Rauben ro? used to deny tho rumor, nnd
tho vice-governor, Ustrugoff, was the
censor and a contributor to the Bessa
?nhyetz, so even the intelligent peoplo of
the town credited tho report that the
government was willing to exterminate
the Jews, After the mnssacro A'nn
Plehwe informed Governor Von Rnaben
that ho had permitted the outbreak to
go too far, -and that tho barbarities of
the drunken robbers was Inexcusable,
"The Czar was deeply displeased with
Governor Von Rao ben, and directed Von
riohvvo to removo all tho olflelals of the
city and province. Von Plehwe urged
that an inquiry first be mudo, and tho
Czar .agreed to this- Ho said ho would
send one of his own adjutants, but Von
Pleliwo suggested that l.opuchln, ono of
his assistants, bo selected to in?*ulro Into
the mutter. T,r?piichtn returned v^tli a
mild report, which was too dark. Von
Plehwe. revised It before Its subir.ts!ilon
to the Czar.
"Von Plehwe still retains possession
of the Czar's mind. His position is com?
pletely unshaken, and It will continue
unshaken so long as Von Pleliwo has
dallv personal access to his Majesty.
"Von Pk-bwe's ambitions wore ex
presscil to a Mu?'1 party of his friends on
one occasion, wlia-n he pantonilmieally
hold up a baton, as if leading an or
The Weather Bureau only received
meagre reports a StO. went lier probabili?
ties yesterday, owing to the fact that the
?lay was a national holiday. Indications,
however, so far as received point to show
?ers for to-duj', and continued warm
LOVING TRIBUTES AGAIN
PAID TO SOLDIERS IN GRAY
Postoffice Department is Pay?
ing Excessive Rent.
FIGURES ARE STARTLING
In New York State Alone Five Mlllio
Dollars is Estimate of Overcharge
In Ten Years?In Cases Excess
?s 100 Per Cent.
(By Associated Press.)
NEW YORK, May 30.?The Brooklyn
Eagle says to-day that an Investiga?
tion made , shows that $?00,00O per an?
num Is paid in Now York State In ex?
cess of the normal commercial rentals for
postoffices. The Eagle ndds that ?8 the
leases run for ten years tho total ex?
cess amounts to ?,,000,000.
Tho Eagle says:
"Confining the Investigation to New
York State, In which nearly every sec?
tion hns been covered, It Is difficult to
lind nn Instance where the Federal gov?
ernment is not paying from twenty-Ore
to fifty per cent, more than it should
for rentals. Indeed, so universal Is the
gravely excessive, rate paid, that a belief
would bo justified that an organized con
splracy to advance and maintain tho high
figures of these rentals exists or has
existed for somo time. All the traille
would boar, seems to be the rule,
"Instances of fifty per cent, above the
rentals paid by private Interests for like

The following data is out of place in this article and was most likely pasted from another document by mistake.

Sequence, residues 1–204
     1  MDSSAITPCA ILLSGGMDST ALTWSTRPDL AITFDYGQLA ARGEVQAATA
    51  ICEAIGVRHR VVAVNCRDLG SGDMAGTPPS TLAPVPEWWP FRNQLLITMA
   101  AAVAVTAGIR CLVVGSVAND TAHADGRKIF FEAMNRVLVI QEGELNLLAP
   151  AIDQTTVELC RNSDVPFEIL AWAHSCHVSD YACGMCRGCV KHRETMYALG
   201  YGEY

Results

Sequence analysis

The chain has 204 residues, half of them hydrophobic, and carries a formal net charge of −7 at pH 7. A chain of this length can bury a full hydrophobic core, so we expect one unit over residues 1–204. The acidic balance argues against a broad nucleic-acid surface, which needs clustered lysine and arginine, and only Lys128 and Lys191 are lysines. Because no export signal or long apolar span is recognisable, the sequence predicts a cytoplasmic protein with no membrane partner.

property similarly siatuated are many,
seventy-five per cent not infrequent,
while, in somo cases, ono hundred and
even two hundred p*r cent, have been
"Instances have hcen found where
louses have neen exenuted hy_tho Post
office Department for the occupation of
floors In buildings which wero not In ex?
istence, but which were yet to he built,
and were so built nnd occupied nt gross?
ly excessive rates.
"The most notable and flagrant of the
abuso is In Dunkirk in Chautauqua
county. It Is a city of 11,616 popu?
lation by the last census. For a single
floor "for the accommodation of the post?
?nico tho government Is pnylng $2,000 an
nunlly. In the same block a tew doors
? nearer Is a street floor, which Is occupied
by a business concern which, apart from
this postadle? building, commands the
hlghtest rent in tho city of Dunkirk. The
merchant occupying it pays $700 por an?
The Eagle presents a table of recent In?
creases of rentals at towns throughout
the State. _____
THE ART EXHIBIT TO
BE OPEN TO-MORROW
Any one -who desires It will have an
opportunity to view tho pictures at the
Art Exhibit to-morrow. Tho rain of yes?
terday doubtless prevented many from
nttondlng, and they will doubtless bo
glad to avail thomsolves of tho opportu?
nity offered to-morrow.
In addition to the pictures mentioned
olsowhero as sold, another was disposed
of yesterday, It was one of the excellent
chalk sketches of Mr. Mlttoldorfer Straus,
teacher of d?*slgn of tho Art Club.
MR. THOMAS F. RYAN
^Douor o? tho New CathetirtiU.
Their Resting Places Are
A SCENE OF BEAUTY,
Impressive Parade of Veter-j
ans. Military and Others, -
- ?? ?
SPLENDID ORATION OF
Gathering to Attend tha Exercises tha
Largest in Many Years?Inspiring .
Music from Two Excellent
Bands ? The Decorations
Fragrant and Beautiful
In the Extreme.
Kothlng less than black ?rJouds, ra*n_
and thunder and lightning could have.,
marred tho impressivo ceremon?iea at
Hollywood Cemetery yesterday afternoon, '
when many thousands of Richmond peo
pie gathere?! upon those grass-covered
and hallowed hillsides to do honor to the,
memory of their dead.
"When the splendid column moved from
Fifth and Franklin at 4:30, no evening
could seem to have been more propitious